January 31, 2014
1. Avoid over-landscaping.
Installing a terrific sprinkler system or planting colourful flowers can significantly enhance your home’s curb appeal. But there can be too much of a good thing. Extravagant gardens, running fountains and elaborate installations may prove to be more of an eyesore, or worse, a financial burden, to prospective buyers. Instead, stick with a well-maintained but low-maintenance lawn.
2. Leave your walls alone.
You may dream of expanding the size of your bedroom by knocking down a wall or two. But eliminating an entire room just to make another one larger isn’t always the best option. Prospective home buyers may be looking for more rooms – not fewer. Worse yet, knocking down walls without consulting a professional engineer could compromise your home’s structural soundness.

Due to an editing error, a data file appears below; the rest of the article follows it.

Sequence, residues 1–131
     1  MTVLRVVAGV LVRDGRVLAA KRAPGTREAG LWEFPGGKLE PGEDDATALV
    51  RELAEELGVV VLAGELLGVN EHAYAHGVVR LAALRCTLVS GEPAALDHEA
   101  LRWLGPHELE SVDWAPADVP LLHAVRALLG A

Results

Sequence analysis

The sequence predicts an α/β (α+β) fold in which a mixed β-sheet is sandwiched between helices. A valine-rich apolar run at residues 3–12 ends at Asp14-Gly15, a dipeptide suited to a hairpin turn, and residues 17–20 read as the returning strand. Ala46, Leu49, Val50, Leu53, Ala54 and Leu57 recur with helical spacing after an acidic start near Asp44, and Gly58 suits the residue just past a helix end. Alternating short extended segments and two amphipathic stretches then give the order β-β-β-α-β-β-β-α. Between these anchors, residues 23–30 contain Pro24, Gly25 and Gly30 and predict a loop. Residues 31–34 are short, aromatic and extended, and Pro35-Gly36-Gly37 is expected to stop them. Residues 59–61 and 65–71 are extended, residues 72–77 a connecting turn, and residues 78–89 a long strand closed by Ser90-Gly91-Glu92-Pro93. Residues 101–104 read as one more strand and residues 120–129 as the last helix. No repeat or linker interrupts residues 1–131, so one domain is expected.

3. Don’t put in a swimming pool.
A swimming pool may draw the neighbours’ kids but it’s likely to repel home seekers. Many homeowners simply don’t want the year-long responsibilities of pool ownership, from cleaning to chlorinating. It’s an added expense that often requires the paid assistance of professionals. And many simply aren’t interested in the liabilities that come with keeping a watchful eye on swimming children and neighbourhood pets.
4. Think twice about expanding upwards.
Whether it’s to accommodate a growing family or for the sake of aesthetics, adding another storey to a home can be an overwhelming temptation. But renovations that cause your home to fall outside neighbourhood norms can be a recipe for disaster. For one, your neighbours may resent your bold endeavour. Second, adding another storey is expensive. You may not recoup the cost when you sell. And finally, you may be tempted to price your home higher than others in the neighbourhood —which may make it more difficult to sell.